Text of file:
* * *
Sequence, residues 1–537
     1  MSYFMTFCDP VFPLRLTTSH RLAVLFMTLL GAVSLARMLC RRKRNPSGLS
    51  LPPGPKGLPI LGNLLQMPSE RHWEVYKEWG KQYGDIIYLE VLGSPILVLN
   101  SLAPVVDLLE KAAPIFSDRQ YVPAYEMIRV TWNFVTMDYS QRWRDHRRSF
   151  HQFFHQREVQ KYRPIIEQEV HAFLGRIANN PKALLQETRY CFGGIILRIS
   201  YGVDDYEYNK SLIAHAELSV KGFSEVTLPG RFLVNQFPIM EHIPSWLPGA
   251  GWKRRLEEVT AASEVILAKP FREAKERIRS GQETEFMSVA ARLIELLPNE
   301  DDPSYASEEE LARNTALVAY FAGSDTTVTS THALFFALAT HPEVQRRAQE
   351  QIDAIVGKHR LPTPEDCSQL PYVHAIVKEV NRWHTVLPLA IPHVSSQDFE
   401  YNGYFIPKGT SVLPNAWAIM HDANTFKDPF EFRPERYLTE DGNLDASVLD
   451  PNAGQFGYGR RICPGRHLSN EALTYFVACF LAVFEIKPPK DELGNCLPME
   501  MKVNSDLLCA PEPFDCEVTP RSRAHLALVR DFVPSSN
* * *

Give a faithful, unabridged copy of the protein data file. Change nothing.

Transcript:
Sequence, residues 1–537
     1  MSYFMTFCDP VFPLRLTTSH RLAVLFMTLL GAVSLARMLC RRKRNPSGLS
    51  LPPGPKGLPI LGNLLQMPSE RHWEVYKEWG KQYGDIIYLE VLGSPILVLN
   101  SLAPVVDLLE KAAPIFSDRQ YVPAYEMIRV TWNFVTMDYS QRWRDHRRSF
   151  HQFFHQREVQ KYRPIIEQEV HAFLGRIANN PKALLQETRY CFGGIILRIS
   201  YGVDDYEYNK SLIAHAELSV KGFSEVTLPG RFLVNQFPIM EHIPSWLPGA
   251  GWKRRLEEVT AASEVILAKP FREAKERIRS GQETEFMSVA ARLIELLPNE
   301  DDPSYASEEE LARNTALVAY FAGSDTTVTS THALFFALAT HPEVQRRAQE
   351  QIDAIVGKHR LPTPEDCSQL PYVHAIVKEV NRWHTVLPLA IPHVSSQDFE
   401  YNGYFIPKGT SVLPNAWAIM HDANTFKDPF EFRPERYLTE DGNLDASVLD
   451  PNAGQFGYGR RICPGRHLSN EALTYFVACF LAVFEIKPPK DELGNCLPME
   501  MKVNSDLLCA PEPFDCEVTP RSRAHLALVR DFVPSSN